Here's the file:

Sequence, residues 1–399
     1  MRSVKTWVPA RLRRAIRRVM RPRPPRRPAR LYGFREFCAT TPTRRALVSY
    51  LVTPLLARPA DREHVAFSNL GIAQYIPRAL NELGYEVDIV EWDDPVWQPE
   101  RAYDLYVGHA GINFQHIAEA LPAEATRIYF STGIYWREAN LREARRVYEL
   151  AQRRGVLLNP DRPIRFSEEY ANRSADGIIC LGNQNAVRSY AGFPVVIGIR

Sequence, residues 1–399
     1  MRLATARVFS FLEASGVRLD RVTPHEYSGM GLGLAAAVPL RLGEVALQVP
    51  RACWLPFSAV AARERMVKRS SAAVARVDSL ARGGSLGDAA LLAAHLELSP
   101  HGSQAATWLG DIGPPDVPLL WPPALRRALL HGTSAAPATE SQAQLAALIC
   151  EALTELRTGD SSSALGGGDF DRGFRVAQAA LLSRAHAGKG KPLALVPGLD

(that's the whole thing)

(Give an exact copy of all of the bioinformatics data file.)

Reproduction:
Sequence, residues 1–399
     1  MRSVKTWVPA RLRRAIRRVM RPRPPRRPAR LYGFREFCAT TPTRRALVSY
    51  LVTPLLARPA DREHVAFSNL GIAQYIPRAL NELGYEVDIV EWDDPVWQPE
   101  RAYDLYVGHA GINFQHIAEA LPAEATRIYF STGIYWREAN LREARRVYEL
   151  AQRRGVLLNP DRPIRFSEEY ANRSADGIIC LGNQNAVRSY AGFPVVIGIR

Sequence, residues 1–399
     1  MRLATARVFS FLEASGVRLD RVTPHEYSGM GLGLAAAVPL RLGEVALQVP
    51  RACWLPFSAV AARERMVKRS SAAVARVDSL ARGGSLGDAA LLAAHLELSP
   101  HGSQAATWLG DIGPPDVPLL WPPALRRALL HGTSAAPATE SQAQLAALIC
   151  EALTELRTGD SSSALGGGDF DRGFRVAQAA LLSRAHAGKG KPLALVPGLD